Pioneering new techniques will enable leading aquarium visitor attractions to breed their own tropical fish, following a new collaboration. The larvae of many tropical fish species are so small, that they are invisible to the naked eye, and their food source is even more microscopic. This makes captive breeding of these fish challenging. But aquaculture experts at Bangor University believe that they can help the aquarium industry to develop techniques to rear their own coral reef fish from captive larvae.
The Zoological Society of London (ZSL), The Deep and SEA LIFE, three of the UK’s leading aquariums are working with Bangor University’s School of Ocean Sciences to develop ways of breeding and farming coral reef fish. This collaboration is part-funded by the European Regional Development Fund through the Welsh Government’s SMARTExpertise programme. Concern over the sustainability of wild collection is the driver for the aquarium sector to search for sustainable alternatives in order to reduce the ecological impact of the trade on the world’s coral reefs.
The new project, SustaiNable Aquariums Project (SNAP) aims to increase the number and diversity of sustainably and ethically produced coral reef fish species for the aquarium community and improve the global sustainability of the trade in coral reef fish. An initial 20 tropical reef species, popular in aquariums but which have not yet been successfully captive-bred are the initial focus of the project. These include species of butterflyfish, rabbitfish, wrasse and tangs. Working hand in hand with the aquariums, who will supply the larvae, the scientists will develop new or improved hatchery production techniques, and technology and extend biological knowledge. If successful, the project could lead to the first commercial hatchery for these species in Europe, based in Wales, supplying aquariums and hobbyists across the continent.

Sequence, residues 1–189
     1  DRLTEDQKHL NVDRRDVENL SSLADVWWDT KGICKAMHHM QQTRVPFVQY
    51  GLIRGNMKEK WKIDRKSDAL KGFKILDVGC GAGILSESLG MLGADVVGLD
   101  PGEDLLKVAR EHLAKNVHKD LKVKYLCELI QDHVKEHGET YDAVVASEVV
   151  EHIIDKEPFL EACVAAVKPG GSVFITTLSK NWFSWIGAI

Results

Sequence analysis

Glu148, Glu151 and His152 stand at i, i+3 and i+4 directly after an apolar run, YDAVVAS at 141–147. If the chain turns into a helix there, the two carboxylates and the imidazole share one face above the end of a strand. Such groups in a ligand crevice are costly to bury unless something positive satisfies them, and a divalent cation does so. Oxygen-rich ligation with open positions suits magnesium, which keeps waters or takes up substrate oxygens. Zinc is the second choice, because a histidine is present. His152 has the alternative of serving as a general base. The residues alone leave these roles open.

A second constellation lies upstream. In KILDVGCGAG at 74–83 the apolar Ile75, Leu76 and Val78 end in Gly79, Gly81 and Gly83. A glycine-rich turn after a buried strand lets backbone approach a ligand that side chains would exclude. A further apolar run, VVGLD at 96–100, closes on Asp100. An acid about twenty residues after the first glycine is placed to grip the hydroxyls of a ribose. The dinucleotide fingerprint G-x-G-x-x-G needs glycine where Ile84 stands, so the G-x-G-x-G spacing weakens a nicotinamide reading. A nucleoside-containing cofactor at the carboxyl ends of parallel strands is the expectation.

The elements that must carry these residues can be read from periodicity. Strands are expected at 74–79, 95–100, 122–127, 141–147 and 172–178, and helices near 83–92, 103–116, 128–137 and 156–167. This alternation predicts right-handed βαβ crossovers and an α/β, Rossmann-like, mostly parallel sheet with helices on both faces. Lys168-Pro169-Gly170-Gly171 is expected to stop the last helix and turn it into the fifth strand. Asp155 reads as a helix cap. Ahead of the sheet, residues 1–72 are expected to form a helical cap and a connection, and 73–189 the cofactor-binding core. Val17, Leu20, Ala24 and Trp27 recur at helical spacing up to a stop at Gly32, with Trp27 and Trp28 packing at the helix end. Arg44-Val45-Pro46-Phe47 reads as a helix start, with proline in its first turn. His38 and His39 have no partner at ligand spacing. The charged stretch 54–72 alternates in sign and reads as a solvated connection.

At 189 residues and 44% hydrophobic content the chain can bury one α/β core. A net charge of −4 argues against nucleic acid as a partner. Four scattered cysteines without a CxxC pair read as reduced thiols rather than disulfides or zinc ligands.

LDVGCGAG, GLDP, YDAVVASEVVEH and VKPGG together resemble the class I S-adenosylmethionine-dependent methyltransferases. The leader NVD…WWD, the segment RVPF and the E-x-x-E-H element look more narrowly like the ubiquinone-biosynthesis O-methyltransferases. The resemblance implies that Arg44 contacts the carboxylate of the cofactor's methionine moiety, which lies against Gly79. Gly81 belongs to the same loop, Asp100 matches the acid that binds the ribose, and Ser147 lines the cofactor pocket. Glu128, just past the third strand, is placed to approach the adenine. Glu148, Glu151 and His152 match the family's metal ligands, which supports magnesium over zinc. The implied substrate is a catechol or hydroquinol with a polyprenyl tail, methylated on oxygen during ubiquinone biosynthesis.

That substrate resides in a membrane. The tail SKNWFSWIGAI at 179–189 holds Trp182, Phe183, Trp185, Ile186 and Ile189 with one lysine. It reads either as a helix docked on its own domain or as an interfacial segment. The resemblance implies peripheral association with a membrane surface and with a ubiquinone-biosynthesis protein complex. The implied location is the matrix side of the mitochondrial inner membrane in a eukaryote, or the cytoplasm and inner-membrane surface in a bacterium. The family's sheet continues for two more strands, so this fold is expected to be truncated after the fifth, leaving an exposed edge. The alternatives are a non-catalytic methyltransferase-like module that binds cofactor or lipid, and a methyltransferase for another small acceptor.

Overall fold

Tom Galley, a member of the research team at Bangor University explained “Fish developed in hatcheries are widely recognised as having advantages over their wild collected counterparts, such as being pre-adapted to life in captivity. However, for this to become a reality a significant amount of work is required.”
Nick Jones, from Bangor University, also part of the research team on the project also explained: “The difficulty in rearing the majority of coral reef fish lies in the small size of their delicate larvae, a poor understanding of appropriate larval rearing environments, plus the lack of suitably sized and nutritious larval food items. These are issues we hope to resolve during the three-year project.”